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A Road Map to Middle Earth

The Fellowship of the Ring is only the first part of the Lord of the Rings trilogy. For those who want to explore Middle-Earth in all of its dragon's fire flash and stygian darkness, the library has the all the detailed charts and eldritch tomes an adventurer could want.

The Atlas of Middle-Earth by Karen Wynn Fonstad has hundreds of maps and diagrams that show where the characters journeyed, and like any good travelogue, it has descriptions of the places they visit and the people who live there.

If you are simply entranced by The Fellowship (VHS, DVD) on the big screen and are a little leery of diving straight into the trilogy, take a look at Jude Fisher's Visual Companions. These books never assume the reader has an encyclopedic knowledge of Tolkien's world, but it does present a lot of background information to the film with lush photographs and a foldout map.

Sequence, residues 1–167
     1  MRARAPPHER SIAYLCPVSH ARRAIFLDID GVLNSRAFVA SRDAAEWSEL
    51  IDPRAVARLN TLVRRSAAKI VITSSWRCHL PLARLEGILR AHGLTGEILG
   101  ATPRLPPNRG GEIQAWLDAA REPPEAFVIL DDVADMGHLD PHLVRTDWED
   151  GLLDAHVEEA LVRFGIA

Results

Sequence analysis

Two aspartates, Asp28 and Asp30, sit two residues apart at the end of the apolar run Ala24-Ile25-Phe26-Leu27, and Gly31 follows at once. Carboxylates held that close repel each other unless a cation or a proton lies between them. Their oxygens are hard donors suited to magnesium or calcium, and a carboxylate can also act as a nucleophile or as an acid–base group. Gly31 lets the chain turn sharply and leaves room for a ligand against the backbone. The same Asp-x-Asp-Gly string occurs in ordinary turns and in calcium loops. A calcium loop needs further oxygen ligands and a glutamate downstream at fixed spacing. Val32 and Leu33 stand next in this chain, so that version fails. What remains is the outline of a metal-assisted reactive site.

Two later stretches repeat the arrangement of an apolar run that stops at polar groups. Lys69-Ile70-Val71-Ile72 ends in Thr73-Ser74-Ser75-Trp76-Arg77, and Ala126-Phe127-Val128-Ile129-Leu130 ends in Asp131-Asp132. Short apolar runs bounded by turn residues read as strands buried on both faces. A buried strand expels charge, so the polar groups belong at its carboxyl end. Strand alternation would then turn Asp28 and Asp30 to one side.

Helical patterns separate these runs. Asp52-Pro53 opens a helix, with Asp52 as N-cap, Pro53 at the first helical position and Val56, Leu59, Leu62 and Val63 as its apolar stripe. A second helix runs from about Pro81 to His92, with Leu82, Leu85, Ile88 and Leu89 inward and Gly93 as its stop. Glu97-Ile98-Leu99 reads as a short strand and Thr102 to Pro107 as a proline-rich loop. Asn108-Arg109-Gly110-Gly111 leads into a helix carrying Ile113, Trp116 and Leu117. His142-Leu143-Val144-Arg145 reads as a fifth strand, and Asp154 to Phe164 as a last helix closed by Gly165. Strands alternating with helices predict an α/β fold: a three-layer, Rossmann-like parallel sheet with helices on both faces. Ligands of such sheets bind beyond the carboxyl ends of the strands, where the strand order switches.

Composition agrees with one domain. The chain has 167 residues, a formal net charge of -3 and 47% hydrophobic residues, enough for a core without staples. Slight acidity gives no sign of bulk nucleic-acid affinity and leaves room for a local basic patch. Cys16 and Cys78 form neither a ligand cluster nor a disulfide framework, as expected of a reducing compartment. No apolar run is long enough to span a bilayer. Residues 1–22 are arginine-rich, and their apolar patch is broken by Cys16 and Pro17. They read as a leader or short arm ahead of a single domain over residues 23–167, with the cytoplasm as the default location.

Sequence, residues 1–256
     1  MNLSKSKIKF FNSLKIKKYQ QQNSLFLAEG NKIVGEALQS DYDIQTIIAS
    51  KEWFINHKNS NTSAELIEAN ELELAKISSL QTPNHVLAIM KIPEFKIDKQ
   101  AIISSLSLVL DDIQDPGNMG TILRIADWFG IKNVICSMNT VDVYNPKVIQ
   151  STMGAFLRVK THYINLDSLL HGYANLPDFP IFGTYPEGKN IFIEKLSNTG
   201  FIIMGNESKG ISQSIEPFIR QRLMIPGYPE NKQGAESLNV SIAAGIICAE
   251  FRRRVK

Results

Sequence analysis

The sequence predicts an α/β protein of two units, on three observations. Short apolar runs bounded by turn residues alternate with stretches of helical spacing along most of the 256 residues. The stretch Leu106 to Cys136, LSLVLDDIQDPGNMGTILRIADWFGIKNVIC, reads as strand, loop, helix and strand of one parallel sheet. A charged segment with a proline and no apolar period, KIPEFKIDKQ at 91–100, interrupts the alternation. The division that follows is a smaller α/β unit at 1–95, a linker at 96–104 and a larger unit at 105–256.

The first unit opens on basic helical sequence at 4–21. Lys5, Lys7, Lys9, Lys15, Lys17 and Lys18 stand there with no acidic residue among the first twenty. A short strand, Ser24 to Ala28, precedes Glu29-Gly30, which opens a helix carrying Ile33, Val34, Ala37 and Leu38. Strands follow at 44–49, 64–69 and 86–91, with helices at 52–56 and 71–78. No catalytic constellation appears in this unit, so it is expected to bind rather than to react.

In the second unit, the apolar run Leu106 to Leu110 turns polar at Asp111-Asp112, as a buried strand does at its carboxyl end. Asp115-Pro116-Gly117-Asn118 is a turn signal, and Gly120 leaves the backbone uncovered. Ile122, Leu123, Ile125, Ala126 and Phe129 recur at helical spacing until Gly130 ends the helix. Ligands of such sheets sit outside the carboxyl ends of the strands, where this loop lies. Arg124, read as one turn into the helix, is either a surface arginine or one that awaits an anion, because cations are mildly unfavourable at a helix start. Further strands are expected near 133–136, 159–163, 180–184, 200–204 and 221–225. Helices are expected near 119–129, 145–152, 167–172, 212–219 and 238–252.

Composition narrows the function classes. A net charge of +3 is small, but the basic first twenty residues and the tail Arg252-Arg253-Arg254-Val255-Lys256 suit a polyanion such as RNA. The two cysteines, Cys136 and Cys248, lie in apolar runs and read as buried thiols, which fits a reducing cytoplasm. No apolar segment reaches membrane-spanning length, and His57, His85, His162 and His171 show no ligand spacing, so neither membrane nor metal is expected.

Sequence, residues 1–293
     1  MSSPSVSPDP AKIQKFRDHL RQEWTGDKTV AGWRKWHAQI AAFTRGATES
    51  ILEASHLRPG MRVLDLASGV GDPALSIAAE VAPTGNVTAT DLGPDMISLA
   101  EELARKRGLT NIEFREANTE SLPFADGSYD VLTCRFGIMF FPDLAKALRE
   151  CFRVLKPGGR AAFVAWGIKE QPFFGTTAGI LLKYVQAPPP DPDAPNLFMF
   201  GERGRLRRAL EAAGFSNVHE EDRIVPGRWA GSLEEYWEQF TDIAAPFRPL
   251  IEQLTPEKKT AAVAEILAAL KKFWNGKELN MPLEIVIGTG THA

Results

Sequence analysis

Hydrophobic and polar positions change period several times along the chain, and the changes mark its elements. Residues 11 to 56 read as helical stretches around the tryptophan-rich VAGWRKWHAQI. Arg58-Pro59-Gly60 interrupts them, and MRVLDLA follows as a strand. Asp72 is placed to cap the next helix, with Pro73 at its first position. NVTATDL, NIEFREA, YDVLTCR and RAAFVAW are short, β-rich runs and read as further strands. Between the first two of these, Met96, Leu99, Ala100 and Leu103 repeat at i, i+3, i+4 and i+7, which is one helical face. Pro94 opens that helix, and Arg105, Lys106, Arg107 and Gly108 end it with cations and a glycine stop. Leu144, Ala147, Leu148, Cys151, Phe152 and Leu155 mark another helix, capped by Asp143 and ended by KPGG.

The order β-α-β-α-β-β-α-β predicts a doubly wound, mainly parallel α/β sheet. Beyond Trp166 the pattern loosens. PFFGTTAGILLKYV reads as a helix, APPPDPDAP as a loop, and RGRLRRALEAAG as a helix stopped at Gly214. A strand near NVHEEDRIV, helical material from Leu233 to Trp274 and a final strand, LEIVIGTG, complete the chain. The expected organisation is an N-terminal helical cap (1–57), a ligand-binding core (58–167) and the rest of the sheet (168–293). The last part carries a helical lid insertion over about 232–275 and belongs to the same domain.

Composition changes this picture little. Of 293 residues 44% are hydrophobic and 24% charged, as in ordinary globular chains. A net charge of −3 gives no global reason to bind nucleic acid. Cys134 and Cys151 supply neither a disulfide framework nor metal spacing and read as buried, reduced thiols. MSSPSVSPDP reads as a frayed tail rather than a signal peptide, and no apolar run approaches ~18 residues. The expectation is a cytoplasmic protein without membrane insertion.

Ready for more of Tolkien's amazing stories? The next two books in the saga, The Two Towers, and The Return of the King, continue the fight for the one ring by the forces of shadow and light. Of course, The Hobbit, or There and Back Again is Bilbo's first turn at adventuring, and foreshadows all the doom that is to come in The Lord of the Rings and is a wonderful adventure on its own. The entire Lord of the Rings trilogy and The Hobbit are also available on unabridged audio for many, many hours of enjoyment.

Beyond and Before Hobbits

J.R.R. Tolkien created an entire world in Middle-Earth, a world with an early history as fantastic as the Rings saga. The Silmarillion tells that early story of the fight for control of the Silmarils, beautiful and compelling magical jewels. Seek out titles in the History of Middle-Earth series, beginning with The Book of Lost Tales for more of Tolkien's genius.

Behind the Curtain

Follow The Road to Middle Earth by T. A. Shippey to discover the source of Tolkien's inspirations and the magnificent mythic structure of his work, drawn from real ancient languages and heroic sagas. Then follow the sources back to the beginnings of mankind's imaginings.

"Three Rings for the Elven-kings under the sky,
Seven for the Dwarf-lords in their halls of stone,
Nine for Mortal Men doomed to die,
One for the Dark Lord on his dark throne
In the Land of Mordor where the Shadows lie.
One Ring to rule them all, one Ring to find them
One Ring to bring them all and in the darkness bind them
In the Land of Mordor where the Shadows lie."

Once you've completed your journey of Middle-Earth find out what to read After Tolkien.